Knock On Wood

by Phillip Gentry

Upstate Outdoors
November 07, 2019 - 10:43 am

With the first segment of the 2019 – 2020 waterfowl season opening soon (November 23 – November 30), many waterfowl hunters are getting ready to take to the local swamps, sloughs, ponds and other half water/half land venues to do some duck hunting.

One of the most common of the local duck species, especially during the early part of the season, are wood ducks. The Upstate of South Carolina is richly blessed with an abundance of wood ducks. The close relative of the harlequin duck can be found all across the state and are. consistently the number one bird in the bag in South Carolina.

Understanding seasonal wood duck migrations has provided more of a challenge to waterfowl managers than accounting for other migratory duck species. It is generally understood that wood ducks rear heavily in the northeastern United States and Canada but also show a strong tendency toward year round residency in some states along the Atlantic flyway.

Regardless of whether they're local birds or migrants, Upstate waterfowler Mike Davis hunts them the same way.

“People say that wood ducks won't decoy or respond to calls like other ducks,” he said. “I believe that's true to a certain extent. You won't see a flock of wood ducks circle four times while you keep calling them in closer and closer till finally they pitch in and land over your decoys. I think wood ducks know where they're going from the moment they leave the roost. And if you aren't in that spot, or at least real close, you won't kill them.”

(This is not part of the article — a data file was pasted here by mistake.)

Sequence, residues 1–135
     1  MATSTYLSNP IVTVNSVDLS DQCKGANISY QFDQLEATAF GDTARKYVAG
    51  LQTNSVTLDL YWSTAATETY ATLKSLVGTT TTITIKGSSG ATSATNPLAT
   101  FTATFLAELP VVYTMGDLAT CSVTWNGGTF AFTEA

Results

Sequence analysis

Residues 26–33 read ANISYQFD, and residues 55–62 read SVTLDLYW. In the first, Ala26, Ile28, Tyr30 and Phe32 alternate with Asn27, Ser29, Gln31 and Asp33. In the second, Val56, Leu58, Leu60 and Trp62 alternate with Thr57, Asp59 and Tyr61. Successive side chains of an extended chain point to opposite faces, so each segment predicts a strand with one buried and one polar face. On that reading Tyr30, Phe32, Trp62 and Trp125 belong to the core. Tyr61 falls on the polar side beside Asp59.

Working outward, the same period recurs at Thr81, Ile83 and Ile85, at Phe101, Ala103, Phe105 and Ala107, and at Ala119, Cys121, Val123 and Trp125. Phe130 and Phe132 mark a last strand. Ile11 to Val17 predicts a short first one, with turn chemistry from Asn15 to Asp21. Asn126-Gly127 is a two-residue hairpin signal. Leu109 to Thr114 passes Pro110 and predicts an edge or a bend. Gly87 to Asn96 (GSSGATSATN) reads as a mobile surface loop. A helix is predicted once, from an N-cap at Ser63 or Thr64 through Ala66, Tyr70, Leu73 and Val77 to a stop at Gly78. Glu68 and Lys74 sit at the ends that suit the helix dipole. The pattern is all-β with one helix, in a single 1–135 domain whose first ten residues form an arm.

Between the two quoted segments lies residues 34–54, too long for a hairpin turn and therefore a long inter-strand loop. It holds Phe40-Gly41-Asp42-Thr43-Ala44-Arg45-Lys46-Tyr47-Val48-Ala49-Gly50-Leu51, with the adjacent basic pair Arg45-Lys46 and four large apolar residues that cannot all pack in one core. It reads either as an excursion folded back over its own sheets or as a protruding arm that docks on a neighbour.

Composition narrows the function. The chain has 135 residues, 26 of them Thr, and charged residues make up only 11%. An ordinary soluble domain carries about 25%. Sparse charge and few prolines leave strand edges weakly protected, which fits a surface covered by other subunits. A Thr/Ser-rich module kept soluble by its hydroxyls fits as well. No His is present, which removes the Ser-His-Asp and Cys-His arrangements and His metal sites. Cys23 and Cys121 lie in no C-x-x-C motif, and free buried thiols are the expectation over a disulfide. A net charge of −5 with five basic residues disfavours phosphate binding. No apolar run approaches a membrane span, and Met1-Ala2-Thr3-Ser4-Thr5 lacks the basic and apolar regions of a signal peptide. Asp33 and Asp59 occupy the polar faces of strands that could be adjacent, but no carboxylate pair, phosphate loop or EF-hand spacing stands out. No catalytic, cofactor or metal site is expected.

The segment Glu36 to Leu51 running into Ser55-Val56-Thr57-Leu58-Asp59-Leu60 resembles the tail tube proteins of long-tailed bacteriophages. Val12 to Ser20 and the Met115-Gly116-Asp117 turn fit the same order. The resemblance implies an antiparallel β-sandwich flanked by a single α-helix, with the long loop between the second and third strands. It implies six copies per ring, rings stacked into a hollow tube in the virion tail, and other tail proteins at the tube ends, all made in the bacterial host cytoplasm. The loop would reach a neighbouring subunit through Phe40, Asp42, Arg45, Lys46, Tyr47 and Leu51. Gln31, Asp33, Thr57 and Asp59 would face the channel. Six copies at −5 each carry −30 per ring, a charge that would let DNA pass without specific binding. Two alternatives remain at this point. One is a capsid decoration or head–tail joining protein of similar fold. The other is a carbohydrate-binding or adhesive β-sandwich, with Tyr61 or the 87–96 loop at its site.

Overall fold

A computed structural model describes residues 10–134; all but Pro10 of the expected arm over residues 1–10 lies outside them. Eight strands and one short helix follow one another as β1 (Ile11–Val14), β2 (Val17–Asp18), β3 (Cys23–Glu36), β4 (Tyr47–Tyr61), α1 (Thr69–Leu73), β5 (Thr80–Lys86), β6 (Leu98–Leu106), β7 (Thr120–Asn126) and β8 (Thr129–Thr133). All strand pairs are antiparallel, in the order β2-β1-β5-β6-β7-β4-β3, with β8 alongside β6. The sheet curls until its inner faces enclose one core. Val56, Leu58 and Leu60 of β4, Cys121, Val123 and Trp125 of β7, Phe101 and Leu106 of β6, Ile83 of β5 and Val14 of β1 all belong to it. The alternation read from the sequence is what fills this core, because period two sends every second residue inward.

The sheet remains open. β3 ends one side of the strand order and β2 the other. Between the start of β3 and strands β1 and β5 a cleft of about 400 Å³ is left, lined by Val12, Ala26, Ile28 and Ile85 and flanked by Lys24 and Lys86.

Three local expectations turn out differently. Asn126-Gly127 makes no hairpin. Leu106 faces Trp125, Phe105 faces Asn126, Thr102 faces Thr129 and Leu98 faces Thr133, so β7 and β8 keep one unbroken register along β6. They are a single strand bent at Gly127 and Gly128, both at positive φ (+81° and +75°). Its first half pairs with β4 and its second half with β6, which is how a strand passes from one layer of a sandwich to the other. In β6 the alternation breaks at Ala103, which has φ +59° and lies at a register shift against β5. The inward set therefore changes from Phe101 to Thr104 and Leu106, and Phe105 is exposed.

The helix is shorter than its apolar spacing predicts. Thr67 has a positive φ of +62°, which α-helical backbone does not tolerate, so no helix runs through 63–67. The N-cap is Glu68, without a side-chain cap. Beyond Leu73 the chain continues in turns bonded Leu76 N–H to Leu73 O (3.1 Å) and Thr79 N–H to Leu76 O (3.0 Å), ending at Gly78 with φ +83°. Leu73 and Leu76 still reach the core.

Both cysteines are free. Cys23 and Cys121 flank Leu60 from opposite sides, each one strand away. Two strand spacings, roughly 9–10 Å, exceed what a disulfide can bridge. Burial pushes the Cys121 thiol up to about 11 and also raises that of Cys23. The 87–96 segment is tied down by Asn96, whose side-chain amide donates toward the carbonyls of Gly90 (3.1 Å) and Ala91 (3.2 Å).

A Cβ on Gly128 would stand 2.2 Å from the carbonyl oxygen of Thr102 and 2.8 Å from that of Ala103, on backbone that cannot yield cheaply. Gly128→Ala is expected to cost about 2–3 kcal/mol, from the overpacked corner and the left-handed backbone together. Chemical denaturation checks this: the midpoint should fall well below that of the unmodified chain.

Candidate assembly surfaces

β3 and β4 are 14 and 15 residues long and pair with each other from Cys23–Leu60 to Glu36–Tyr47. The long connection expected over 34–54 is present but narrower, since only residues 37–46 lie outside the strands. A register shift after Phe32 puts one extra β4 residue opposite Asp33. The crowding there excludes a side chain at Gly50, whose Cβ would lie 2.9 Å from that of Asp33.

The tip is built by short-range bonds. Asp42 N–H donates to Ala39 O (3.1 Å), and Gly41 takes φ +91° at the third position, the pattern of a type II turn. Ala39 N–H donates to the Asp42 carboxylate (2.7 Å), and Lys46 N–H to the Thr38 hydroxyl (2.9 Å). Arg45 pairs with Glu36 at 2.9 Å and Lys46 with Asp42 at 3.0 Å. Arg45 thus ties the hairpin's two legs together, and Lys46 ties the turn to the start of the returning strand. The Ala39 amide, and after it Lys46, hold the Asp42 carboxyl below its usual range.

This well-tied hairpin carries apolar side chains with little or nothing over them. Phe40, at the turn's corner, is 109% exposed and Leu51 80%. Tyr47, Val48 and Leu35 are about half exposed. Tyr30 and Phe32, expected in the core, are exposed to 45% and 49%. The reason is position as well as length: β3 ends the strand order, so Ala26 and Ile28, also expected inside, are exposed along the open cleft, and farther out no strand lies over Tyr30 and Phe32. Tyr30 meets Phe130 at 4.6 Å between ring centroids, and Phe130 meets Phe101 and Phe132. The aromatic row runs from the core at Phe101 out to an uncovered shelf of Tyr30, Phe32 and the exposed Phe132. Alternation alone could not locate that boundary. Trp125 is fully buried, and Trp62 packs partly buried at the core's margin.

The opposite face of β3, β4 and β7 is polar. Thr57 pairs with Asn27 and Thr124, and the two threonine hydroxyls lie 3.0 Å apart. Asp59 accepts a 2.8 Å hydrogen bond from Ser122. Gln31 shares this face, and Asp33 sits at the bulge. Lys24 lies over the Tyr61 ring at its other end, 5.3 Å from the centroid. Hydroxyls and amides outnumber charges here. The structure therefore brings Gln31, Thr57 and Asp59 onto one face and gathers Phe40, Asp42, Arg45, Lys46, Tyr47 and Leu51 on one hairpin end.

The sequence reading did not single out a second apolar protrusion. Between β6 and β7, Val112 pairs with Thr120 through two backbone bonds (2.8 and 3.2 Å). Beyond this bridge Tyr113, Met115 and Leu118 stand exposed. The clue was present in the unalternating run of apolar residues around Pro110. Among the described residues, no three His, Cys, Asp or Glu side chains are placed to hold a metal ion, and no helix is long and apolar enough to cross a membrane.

Davis states that scouting is an integral component to hunting wood ducks. He's also not a fan of hunting one location more than once or twice a week. For this reason he likes to have a handful of areas that he'll visit a few days before the hunt to see if birds are present.

“Once you find a pocket they like, they'll come back to it so long as there's food, a place to rest and where they can stay hidden. Wood ducks are not open water ducks, they love seclusion.”

Once he’s decided on a location, Davis will put out 3 or 4 decoys on a jerk cord. He owns half dozen decoys that he’s had for years but rarely do all of them see action at once.

“They will land right beside you or within just a few yards if you’re in a tight space,” he said. “He’s not a major decoying duck but if he’s see motion and he decides to come in, he’ll come in.”

Because of the tight quarters of most of his wood duck holes, Davis tends to go with either an improved cylinder or modified choke for hunting woodies and likewise he keeps his shot size selections on the smaller – more pellet based end of the spectrum.

“In a swamp, creek or beaver pond I might use an improved cylinder where if I was hunting on the lake I’d go with a tighter choke,” he said.

Another important piece of gear for Davis is a T-pole or swamp seat. These are available commercially from places like Cabela’s or Mack’s Prarie Wings or a home-made version can be made using treated 2x4 wood. The idea is to have a highly portable place to sit that will work in a marshy environment.

“I don’t use a blind and there’s rarely a place for one,” he said. “The T-pole has a rope or strap that goes around it so you can carry it across your shoulder on your way back into the timber where they like to be. That’s why they call them wood ducks.”


Phillip Gentry is the host of “Upstate Outdoors,” broadcast from noon to 2 p.m. Saturdays on 106.3 WORD FM or online at

Comments ()